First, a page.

BY CHRISTINA E. L. HARMAN | On a cool Monday night, freshly published memoirist Aspen Matis rushed into the West Village’s French Roast and into its back room out of breath but full of energy. She juggled two oversized Barnes & Noble shopping bags, filled to their capacity with $300 worth of books — the plastic possibly tearing at any moment. In her left hand, the 25-year-old author held a half-eaten pint of chocolate-peanut butter ice cream with a plastic spoon sticking out of it.
She apologized for running slightly late, but she couldn’t resist buying each book that caught her attention and did not have time to stop by her apartment on MacDougal St. before heading over to her favorite coffee shop. After settling in, she started passing the books around, from Sean Doyle’s “This Must Be The Place” to A.M. Homes’s “May We Be Forgiven.”
“If you’re endlessly curious, your stories are endlessly interesting,” she said, confidently explaining that these literary works will help her discover new things.
In Matis’s new memoir, “Girl in the Woods,” she tells how she embarked on a trek of the 2,650-mile Pacific Crest Trail, from Mexico to California, to overcome the trauma of being raped on her second night of college and to break free from her mother’s overprotective embrace that Matis endured growing up. While achieving these ends, she meets new friends along the trail, finds love, discovers her strength and is able to rebuild herself anew.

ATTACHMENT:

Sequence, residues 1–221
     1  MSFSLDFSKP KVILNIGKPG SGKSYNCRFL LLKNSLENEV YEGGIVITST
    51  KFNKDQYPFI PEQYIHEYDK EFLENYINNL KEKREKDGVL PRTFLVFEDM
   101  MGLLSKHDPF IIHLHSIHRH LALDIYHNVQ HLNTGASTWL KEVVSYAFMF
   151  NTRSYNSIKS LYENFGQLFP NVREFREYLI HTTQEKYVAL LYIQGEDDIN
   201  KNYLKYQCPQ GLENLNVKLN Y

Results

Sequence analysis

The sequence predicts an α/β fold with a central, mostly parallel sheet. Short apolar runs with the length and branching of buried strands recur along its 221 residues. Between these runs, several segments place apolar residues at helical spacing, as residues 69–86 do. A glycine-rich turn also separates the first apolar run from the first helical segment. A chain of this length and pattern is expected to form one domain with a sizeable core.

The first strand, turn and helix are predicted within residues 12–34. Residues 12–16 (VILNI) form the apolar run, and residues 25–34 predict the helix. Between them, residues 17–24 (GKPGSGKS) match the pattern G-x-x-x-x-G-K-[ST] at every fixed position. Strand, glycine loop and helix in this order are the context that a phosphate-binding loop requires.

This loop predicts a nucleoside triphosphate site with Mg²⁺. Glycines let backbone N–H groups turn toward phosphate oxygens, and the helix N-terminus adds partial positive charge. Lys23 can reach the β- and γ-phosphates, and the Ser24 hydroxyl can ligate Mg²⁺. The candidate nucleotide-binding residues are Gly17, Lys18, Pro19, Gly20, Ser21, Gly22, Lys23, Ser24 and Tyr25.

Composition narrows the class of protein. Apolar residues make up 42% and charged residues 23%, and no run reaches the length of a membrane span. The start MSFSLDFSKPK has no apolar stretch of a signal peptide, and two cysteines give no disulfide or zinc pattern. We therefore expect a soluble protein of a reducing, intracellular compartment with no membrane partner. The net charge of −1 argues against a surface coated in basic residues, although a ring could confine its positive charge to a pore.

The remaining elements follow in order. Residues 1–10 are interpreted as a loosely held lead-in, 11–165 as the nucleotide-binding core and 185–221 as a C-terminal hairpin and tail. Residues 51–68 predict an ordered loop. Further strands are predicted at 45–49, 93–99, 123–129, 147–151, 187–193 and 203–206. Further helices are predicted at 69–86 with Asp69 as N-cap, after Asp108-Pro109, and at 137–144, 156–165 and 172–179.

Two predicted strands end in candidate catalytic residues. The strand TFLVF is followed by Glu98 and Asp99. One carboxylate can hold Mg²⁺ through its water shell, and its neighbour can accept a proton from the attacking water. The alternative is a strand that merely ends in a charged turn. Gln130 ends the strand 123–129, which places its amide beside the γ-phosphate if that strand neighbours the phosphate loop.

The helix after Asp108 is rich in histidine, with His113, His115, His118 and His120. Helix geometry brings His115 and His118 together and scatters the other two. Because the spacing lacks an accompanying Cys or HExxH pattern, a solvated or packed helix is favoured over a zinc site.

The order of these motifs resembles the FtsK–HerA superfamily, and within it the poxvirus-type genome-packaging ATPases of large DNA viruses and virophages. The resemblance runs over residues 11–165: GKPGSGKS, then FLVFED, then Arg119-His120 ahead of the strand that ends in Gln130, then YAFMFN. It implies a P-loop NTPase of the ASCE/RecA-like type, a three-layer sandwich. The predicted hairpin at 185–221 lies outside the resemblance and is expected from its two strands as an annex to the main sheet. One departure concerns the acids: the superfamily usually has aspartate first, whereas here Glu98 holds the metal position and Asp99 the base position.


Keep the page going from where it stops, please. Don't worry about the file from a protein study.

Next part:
“You are more powerful than you are,” she said.
Matis hiked the P.C.T. in five months by navigating the trail alone with no map and inadequate resources. Throughout her journey, all she carried in her pack was a pair of leggings, a fleece-lined wool hat, her iPod, dried fruits and trail mix and five Gatorade bottles that she filled with water. Each day was another day that she risked her life, and the chances of finding food or something to drink were limited.
Her love of the outdoors stems from growing up backpacking, camping and hiking with her parents and two brothers in Colorado near her grandparents’ house. Matis described her family, when they would set out on their trips, as becoming a harmonious tribe.
“I found the security of love amid those gorgeous landscapes,” she said.
Looking back on it now, talking about her family almost brings her to tears. Her eyes grew large as she spoke about her mother and father — both Harvard-educated lawyers — two brothers, and their adventures while hiking.
Prior to her memoir’s release, she sent copies to her entire family for their approval. Both of her parents were supportive and proud of her accomplishment, she said, though she did not always shed a positive light on them. “My intention is to raise $1 million for RAINN, the Rape, Abuse and Incest National Network, not to make my parents look like saints,” she added.
Before hiking the entire P.C.T. after dropping out of college her freshman year, Matis had spent the two previous summers hiking parts of the trail. She wanted to break free from her dependency on her mother, so she left her hometown of Newton, Massachusetts, for points west.
“I was 17, I lied to my parents and essentially ran away,” she said. “I walked 220 miles through the wilderness alone. I totally lost my parents’ trust then.”
As a teen hiking solo, Matis for the first time came to the realization that “everything my mother told me I couldn’t do was wrong.” She finally felt in control and competent.
Later, when she dropped out of college and hit the P.C.T. to walk its full length, Matis started to shed the shame of her rape and learn to overcome her weaknesses, but she had help along the way. In a recent article in Interview magazine, she spoke about how deeply affected she was by a message she received from her counselor from RAINN: “No one causes rape but rapists.”